FIG. 53C is a sectional view of an adjustment member 80 with curved hooks 228 attached to self-sealing valve 230. The bottom of adjustment member 80 is placed on the abdominal wall and the self-sealing valve housing is pressed down by the physician which deploys the curved hooks 228. FIG. 53D is a sectional view of an adjustment member 80 with curved hooks 228 attached thereto. Initially, curved hooks 228 are held constrained in outlet conduit 86. Outlet conduit 86 is connected to conduit 12 in the patient and then adjustment member 80 is retracted slightly allowing the curved hooks 228 to be released from the outlet conduit 86 and pulled into the abdominal muscle to anchor the adjustment member 80 thereto.

FIG. 54 illustrates another variation of a homing mechanism provided in adjustment member 80 and delivery needle 216. In FIG. 54, the adjustment member is shown having been fixed to the internal wall of the abdominal muscle, such as by sutures, clips, staples or the like, passed through loops 20 or other fixation features provided on adjustment member 80. It is noted that all other embodiments of adjustment member 80 described herein can also be optionally fixed to the internal surface of the abdominal wall 127 similarly. Port 84 of adjustment member is surrounded by coils 87 that are electrically connected to an electronic circuit 89. Needle 216 has a coil 226 wrapped around a distal end portion thereof that is configured to pass through and be located within coil 87 when the distal tip of needle 216 docks with port 84. An electrical wire 227 extends along, preferably within, but it can pass externally of needle 216 for connection to an electrical power source proximally of needle 216, and is electrically connected to coil 226. Electrical power is applied to coil 226 when needle 216 is inserted into adjustment member 80. When the distal tip of needle 216 is properly docked with port 84, the electromotive force (emf) induced by coil 226 within coil 87 is sensed by circuit 89 which sends a signal to the operator of the needle indicating the field strength of the emf. An RF wireless signal or ultrasound or magnetic pulse can be used to send a signal to the operator of the needle. The circuit on the receiving end in the RF/electromagnetic case is a magnetic field. A signal is sent by the coil on the needle which induces a current in the coil in the implant. That current loads a capacitor with or without a switch and powers a small transmitter circuit which sends a signal back to the same or a different coil which then sends a response signal to a coil on the needle. The response signal received by the coil on the needle is then sent to an amplifier in the handpiece where it can be detected by the physician or other operator. A threshold minimal field strength can be shown on a monitor gauge, which is a level beyond which the operator can conclude that the needle 216 is properly aligned and docked in port 84.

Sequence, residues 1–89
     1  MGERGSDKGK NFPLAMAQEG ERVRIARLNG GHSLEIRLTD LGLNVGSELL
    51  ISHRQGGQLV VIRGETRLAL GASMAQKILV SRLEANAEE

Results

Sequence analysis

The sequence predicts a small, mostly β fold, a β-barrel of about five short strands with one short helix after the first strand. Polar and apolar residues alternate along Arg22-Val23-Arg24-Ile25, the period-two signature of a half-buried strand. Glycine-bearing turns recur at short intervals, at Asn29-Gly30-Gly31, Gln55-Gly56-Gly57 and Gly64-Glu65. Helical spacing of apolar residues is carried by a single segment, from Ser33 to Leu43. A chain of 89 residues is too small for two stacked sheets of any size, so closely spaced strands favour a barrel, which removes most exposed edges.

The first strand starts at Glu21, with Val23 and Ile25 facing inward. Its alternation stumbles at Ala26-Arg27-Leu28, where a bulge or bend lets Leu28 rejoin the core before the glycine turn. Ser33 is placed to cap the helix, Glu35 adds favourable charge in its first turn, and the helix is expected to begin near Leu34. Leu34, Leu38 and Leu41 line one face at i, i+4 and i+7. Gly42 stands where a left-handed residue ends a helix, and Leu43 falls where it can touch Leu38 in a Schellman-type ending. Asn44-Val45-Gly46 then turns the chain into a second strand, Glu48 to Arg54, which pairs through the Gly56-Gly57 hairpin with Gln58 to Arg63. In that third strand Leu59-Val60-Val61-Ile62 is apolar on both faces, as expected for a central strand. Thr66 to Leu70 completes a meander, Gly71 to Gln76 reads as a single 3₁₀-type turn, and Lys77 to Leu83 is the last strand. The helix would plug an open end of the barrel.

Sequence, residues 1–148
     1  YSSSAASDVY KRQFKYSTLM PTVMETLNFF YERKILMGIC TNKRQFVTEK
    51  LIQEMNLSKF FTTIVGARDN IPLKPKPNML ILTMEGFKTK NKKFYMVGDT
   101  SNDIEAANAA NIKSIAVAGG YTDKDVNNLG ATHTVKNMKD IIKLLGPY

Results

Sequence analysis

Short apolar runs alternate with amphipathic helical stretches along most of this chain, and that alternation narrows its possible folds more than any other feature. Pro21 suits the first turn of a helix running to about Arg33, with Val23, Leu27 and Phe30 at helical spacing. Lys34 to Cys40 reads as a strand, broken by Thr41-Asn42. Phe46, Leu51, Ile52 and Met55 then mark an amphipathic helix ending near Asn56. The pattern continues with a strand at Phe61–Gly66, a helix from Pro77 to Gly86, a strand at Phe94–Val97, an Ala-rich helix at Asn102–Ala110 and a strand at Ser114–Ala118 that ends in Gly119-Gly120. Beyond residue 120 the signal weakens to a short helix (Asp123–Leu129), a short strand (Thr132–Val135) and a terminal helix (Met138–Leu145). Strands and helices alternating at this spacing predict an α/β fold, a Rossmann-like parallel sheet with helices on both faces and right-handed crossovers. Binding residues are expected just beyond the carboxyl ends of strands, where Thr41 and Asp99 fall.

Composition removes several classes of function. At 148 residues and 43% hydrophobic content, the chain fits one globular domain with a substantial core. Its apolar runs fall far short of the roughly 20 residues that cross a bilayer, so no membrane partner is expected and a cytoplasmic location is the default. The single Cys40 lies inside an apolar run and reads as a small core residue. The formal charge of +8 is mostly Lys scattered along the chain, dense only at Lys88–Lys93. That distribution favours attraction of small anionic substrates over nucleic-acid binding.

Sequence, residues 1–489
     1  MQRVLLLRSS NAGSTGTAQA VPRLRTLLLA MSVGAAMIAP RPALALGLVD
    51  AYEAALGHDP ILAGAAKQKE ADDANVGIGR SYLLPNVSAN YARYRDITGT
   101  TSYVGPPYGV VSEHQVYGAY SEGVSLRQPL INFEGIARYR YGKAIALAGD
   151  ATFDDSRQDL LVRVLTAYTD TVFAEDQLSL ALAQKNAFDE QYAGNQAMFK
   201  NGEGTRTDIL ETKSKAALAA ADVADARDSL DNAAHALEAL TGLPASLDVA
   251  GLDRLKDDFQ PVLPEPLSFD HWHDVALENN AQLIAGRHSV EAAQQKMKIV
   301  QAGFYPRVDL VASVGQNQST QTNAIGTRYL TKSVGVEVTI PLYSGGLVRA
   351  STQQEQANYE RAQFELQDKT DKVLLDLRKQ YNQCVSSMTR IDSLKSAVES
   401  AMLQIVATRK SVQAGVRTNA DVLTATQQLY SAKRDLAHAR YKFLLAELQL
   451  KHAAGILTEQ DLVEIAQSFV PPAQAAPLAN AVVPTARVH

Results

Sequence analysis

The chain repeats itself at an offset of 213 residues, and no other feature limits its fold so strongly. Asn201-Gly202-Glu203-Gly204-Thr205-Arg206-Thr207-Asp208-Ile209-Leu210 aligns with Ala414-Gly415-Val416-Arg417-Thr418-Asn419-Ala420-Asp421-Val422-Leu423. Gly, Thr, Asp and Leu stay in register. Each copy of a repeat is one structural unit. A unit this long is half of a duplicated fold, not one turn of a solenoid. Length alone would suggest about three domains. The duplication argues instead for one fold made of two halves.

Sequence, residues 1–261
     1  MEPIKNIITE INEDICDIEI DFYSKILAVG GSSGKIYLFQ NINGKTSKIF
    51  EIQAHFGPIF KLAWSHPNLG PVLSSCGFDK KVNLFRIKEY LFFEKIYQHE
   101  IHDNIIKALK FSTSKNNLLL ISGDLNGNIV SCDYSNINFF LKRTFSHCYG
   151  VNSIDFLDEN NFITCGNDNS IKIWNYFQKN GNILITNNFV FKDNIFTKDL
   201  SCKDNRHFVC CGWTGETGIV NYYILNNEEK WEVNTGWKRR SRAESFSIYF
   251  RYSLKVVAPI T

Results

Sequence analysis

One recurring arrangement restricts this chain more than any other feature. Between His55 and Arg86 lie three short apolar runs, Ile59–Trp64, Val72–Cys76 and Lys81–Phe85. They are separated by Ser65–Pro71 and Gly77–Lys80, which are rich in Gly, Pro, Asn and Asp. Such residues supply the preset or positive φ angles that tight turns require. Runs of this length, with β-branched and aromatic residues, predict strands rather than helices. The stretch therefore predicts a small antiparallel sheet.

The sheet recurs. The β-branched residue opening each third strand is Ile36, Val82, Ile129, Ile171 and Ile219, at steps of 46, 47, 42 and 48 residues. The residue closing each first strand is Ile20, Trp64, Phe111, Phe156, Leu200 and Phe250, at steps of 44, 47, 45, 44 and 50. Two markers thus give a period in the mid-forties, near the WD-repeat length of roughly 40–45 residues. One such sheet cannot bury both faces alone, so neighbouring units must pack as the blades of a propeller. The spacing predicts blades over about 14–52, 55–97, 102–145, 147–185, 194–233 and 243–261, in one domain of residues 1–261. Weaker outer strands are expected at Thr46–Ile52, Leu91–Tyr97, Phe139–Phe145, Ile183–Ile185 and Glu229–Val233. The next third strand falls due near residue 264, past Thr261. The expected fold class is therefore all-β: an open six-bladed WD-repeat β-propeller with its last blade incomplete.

FIG. 54A illustrates a method of filling the expandable member with a pressurized gas. Attached to needle 216 is a valve 225 with an inflation tool 210. A gauge 226 is attached to another opening on valve 225. Initially, the needle 216 is inserted in adjustment member 80 with valve 225 set to measure the pressure in the expandable member via gauge 226 with the gas source 227 closed off to the gauge and needle. The valve 225 is then moved to close off fluid access to adjustment member 80 and open the gas source 227 to inflation tool 210 to fill the inflation tool with the desired amount of gas. The valve to the gas source is then closed and opened to the needle. The inflation tool 210 is used to inject gas into the expandable member via the needle 216 and adjustment member 80. This process is repeated until the desired volume and/or pressure is reached in the inflatable member.

Intra-Gastric Sizing